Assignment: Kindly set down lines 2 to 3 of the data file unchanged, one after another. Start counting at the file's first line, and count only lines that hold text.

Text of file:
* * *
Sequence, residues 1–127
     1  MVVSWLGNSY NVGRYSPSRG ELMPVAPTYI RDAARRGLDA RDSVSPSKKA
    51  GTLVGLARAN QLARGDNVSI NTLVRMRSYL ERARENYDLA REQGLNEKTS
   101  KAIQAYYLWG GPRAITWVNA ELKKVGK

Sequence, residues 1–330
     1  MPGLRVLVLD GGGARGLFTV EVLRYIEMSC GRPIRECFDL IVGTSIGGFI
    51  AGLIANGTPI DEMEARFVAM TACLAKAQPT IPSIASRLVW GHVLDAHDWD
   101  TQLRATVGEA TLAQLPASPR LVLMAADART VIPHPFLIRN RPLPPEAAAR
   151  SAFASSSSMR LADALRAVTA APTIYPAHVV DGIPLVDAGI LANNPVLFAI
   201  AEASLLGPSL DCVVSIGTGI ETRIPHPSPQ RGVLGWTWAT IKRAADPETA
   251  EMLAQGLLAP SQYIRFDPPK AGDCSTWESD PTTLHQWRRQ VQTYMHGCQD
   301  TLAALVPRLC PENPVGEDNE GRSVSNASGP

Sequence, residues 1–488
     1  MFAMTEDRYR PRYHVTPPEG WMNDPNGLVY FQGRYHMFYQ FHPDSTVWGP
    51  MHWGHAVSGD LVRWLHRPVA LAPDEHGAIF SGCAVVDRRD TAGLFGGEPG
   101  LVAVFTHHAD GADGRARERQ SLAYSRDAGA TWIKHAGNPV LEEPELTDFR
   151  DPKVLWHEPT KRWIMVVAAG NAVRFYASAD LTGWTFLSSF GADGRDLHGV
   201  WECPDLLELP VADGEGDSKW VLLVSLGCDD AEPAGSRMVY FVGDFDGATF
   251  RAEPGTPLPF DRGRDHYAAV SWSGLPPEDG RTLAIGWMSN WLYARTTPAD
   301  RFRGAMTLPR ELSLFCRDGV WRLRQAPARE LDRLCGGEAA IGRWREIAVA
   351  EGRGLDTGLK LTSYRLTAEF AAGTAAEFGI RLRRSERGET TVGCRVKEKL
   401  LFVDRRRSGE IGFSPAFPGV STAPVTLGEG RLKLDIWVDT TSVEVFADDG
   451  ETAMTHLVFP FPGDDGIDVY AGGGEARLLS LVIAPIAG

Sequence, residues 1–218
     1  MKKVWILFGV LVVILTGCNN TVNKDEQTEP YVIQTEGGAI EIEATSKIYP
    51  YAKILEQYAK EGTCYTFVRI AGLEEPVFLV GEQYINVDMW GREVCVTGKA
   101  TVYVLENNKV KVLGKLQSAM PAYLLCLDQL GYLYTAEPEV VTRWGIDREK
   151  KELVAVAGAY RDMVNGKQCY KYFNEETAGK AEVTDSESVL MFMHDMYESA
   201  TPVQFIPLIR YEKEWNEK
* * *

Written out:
     1  MVVSWLGNSY NVGRYSPSRG ELMPVAPTYI RDAARRGLDA RDSVSPSKKA
    51  GTLVGLARAN QLARGDNVSI NTLVRMRSYL ERARENYDLA REQGLNEKTS